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GANIEV (1954). USSR. H. detritum and H. scupense, short ecolog
ical notes from Ural District middle stream.
SURBOVA (1955). Bulgaria. H. scupense, distribution, biology,
ecology, epidemiology. (Not translated).
GAJDUSEK (1956). USSR. Uzbekdstan hemorrhagic fever. H.
detritum feeds on man and is considered a possible vector of virus; organism has been isolated from this tick; brief review of host data.
HY ALOMMA DROMODARII
cf. page 440. USSR. H. turkmeniense is included under H. exca
vatum on the basis of Delpy's (1949B) surmise that It may
(= H. asiaticum).
OLENEV (1931B). USSA.
USSR. As H. dromedarii asiaticum: description. As H. pavlovskyi: note ?H. excavatum). Is H. kozlovi: description; considered by Pomerantzev (1950) as a sub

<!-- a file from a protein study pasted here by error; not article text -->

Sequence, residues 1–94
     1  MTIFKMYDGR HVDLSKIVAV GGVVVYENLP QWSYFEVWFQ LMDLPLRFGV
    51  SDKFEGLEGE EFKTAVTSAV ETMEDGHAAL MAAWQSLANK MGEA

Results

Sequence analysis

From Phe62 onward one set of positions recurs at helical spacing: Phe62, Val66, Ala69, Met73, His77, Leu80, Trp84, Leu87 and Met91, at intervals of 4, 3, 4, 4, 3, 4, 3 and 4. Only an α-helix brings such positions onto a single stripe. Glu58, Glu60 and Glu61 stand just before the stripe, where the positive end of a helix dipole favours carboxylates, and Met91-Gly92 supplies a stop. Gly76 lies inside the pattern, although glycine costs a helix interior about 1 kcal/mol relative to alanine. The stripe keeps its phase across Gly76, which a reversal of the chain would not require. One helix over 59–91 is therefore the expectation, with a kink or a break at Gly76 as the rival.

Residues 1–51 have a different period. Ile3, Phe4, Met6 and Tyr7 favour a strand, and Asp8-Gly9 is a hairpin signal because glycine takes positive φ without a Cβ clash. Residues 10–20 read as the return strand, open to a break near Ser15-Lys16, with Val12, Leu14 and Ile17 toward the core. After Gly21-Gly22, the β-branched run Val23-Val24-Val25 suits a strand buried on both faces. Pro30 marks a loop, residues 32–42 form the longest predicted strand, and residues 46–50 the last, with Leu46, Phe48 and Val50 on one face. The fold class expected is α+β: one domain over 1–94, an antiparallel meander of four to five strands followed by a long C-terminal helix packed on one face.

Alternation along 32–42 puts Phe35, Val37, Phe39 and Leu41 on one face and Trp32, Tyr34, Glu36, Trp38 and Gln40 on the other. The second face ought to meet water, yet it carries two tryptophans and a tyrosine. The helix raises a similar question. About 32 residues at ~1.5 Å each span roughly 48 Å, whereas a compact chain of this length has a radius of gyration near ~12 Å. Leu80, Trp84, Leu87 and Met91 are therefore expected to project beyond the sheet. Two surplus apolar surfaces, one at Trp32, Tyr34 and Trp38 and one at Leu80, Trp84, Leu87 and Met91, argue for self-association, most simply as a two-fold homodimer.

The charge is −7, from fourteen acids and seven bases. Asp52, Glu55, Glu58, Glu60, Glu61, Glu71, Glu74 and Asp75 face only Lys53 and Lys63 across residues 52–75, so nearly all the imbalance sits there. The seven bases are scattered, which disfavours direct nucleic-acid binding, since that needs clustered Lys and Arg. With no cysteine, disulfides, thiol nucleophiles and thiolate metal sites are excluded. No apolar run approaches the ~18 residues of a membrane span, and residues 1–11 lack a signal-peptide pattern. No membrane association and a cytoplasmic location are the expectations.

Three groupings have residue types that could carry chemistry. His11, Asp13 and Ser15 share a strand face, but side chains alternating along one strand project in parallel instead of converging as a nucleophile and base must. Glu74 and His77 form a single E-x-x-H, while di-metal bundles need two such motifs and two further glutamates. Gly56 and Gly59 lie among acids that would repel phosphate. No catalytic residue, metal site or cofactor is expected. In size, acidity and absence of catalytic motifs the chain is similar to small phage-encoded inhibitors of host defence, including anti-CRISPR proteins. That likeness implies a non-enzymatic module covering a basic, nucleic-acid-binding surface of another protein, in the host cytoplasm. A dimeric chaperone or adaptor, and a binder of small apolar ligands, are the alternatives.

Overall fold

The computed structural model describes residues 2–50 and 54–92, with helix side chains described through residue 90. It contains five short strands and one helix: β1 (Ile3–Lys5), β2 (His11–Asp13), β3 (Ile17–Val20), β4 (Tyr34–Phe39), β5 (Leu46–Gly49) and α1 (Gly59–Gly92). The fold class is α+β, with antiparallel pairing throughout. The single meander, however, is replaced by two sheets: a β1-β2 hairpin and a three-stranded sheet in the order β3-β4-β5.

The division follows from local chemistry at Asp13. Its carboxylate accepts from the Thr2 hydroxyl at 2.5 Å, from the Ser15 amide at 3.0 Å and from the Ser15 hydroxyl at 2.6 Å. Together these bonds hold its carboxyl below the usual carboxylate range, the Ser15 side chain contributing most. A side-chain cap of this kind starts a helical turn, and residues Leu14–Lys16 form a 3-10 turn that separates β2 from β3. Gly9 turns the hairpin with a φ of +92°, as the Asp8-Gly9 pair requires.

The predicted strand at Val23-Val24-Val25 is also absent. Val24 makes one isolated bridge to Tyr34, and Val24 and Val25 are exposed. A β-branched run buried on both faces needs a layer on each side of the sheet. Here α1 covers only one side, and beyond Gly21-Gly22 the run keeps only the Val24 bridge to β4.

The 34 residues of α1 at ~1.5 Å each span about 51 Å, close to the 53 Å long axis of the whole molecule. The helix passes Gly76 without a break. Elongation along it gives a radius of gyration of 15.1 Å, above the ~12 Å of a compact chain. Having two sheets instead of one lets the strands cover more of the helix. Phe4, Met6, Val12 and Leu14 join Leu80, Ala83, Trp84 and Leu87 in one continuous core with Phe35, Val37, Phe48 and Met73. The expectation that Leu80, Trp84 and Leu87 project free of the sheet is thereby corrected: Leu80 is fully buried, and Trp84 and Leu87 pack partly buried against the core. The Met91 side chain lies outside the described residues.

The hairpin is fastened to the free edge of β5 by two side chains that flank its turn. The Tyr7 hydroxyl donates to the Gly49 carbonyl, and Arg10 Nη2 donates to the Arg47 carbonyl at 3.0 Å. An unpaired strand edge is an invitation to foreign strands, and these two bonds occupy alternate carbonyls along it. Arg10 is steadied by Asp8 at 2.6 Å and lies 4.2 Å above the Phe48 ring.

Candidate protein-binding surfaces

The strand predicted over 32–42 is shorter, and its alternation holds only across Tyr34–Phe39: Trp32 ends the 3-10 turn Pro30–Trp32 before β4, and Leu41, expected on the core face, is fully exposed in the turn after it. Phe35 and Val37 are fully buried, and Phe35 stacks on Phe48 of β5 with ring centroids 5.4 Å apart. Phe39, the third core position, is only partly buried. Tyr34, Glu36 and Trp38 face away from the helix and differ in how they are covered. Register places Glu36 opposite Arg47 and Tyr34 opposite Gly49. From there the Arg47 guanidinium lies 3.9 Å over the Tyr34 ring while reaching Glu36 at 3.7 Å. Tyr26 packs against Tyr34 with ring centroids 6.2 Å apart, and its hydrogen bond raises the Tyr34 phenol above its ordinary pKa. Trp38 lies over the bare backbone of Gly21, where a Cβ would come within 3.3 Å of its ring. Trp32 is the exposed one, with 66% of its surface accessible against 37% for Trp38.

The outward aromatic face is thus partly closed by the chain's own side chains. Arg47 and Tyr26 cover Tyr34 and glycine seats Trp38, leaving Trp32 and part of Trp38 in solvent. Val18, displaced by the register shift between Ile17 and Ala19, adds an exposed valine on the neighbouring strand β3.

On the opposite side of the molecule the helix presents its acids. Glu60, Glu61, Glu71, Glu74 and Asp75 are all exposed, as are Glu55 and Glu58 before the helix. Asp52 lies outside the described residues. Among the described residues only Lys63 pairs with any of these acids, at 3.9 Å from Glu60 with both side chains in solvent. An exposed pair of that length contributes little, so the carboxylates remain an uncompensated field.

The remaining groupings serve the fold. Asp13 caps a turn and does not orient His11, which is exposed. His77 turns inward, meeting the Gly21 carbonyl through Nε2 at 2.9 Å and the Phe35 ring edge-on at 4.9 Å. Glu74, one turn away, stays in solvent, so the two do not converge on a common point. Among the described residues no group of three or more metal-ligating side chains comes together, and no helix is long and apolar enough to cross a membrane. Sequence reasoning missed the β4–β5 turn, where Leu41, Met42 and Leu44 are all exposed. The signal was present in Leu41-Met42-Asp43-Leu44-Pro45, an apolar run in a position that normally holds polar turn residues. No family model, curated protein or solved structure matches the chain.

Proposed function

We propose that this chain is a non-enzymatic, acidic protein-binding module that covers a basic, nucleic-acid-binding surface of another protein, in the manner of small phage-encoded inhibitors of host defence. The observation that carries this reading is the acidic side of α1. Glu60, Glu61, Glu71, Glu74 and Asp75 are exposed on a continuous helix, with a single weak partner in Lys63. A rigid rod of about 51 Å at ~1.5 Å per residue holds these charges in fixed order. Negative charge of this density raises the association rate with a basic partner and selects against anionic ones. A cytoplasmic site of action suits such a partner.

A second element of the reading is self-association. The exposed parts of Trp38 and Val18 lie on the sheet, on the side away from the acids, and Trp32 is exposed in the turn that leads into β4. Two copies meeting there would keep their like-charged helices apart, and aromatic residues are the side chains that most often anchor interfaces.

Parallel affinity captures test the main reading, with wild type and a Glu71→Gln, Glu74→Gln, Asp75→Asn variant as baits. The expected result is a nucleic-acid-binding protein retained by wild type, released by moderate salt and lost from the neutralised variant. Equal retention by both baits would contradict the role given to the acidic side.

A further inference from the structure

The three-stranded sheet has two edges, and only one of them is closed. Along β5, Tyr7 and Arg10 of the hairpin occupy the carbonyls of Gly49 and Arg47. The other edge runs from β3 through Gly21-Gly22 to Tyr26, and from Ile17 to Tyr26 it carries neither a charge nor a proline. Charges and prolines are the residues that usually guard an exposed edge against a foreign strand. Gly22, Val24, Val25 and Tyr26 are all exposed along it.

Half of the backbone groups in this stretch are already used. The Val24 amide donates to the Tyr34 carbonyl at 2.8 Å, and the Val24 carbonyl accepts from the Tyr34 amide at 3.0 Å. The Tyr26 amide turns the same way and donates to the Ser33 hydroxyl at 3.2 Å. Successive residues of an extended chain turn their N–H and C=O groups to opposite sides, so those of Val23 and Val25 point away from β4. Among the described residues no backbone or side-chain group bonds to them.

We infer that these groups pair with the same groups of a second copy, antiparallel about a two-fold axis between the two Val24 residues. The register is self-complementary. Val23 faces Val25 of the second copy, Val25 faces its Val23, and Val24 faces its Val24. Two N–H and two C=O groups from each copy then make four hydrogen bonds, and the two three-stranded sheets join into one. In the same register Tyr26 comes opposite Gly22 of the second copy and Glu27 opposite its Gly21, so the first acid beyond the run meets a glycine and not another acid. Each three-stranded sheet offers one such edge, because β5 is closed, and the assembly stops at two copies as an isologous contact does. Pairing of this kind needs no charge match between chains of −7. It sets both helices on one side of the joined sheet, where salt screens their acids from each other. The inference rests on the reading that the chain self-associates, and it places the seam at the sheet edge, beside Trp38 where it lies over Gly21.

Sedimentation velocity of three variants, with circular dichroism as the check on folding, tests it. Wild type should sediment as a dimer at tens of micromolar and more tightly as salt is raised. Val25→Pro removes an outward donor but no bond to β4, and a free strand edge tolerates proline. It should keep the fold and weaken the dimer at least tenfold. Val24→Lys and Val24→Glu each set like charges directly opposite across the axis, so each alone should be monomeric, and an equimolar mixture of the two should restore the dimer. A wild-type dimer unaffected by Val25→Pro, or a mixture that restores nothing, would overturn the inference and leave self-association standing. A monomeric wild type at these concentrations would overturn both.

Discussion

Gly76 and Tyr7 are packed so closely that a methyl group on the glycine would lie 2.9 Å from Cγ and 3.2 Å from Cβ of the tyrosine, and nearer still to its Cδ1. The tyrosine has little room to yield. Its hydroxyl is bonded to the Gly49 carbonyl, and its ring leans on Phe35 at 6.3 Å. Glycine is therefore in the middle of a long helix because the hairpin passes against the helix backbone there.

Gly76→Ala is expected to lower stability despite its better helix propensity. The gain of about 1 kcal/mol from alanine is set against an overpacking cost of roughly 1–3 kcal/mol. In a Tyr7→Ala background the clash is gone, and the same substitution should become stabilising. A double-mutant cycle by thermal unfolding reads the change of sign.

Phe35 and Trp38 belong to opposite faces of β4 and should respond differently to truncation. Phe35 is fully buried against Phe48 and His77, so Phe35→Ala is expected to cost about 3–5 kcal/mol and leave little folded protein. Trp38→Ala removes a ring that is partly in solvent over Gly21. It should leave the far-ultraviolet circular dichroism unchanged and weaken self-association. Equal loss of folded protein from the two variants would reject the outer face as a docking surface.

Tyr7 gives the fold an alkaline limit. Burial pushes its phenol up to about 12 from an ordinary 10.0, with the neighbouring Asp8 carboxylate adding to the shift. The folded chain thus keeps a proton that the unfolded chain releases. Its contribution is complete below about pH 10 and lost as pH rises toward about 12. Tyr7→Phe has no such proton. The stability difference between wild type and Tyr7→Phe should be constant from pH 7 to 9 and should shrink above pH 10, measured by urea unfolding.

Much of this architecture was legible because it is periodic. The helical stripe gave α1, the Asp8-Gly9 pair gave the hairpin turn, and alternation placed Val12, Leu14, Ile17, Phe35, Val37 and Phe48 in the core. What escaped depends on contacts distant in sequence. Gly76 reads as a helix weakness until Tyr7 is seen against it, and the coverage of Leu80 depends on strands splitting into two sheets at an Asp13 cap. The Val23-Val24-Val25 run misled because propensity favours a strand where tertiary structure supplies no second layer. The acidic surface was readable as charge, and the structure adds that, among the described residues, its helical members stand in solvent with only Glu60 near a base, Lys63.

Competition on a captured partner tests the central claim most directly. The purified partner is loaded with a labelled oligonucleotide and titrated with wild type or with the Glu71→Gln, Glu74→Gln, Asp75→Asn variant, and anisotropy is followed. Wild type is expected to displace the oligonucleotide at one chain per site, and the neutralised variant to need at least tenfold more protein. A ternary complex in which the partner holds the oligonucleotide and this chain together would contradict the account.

species of H. asiaticum. GRIMALDI (1934). Libya, Somalia, and Yemen. H. dromedarii,
PERVOMAISKY (1950B). USSR. H. dromedarii males mate with fe_
male H. anatolicum excavatum, whica act as unfertilized
Pervomaisky (1954) 7. PERVOMAISKY (1954). USSR. Description of variation in morphology summarized as follows: Most males reach 5.8 mm. in length, fe males 6.1 mm. In average and large males common variables are width of the middle festoon and size and number of subanal shields (division or fragmentation of subanal shields is rare in material in the present collection and appears to be a localized phenome_ non - HH).
HH). In minute males, 1.5 mm. in length, great changes
occur in the adanal shields, which are rounded posteriorly and laterally; the accessories tend to be obsolete, and subanal shields fail to develop (See Hyalommina, pages 520 to 522). Large females are typical of the species but small females have smooth cervical grooves, narrow tail of spiracular plate, and unbanded legs.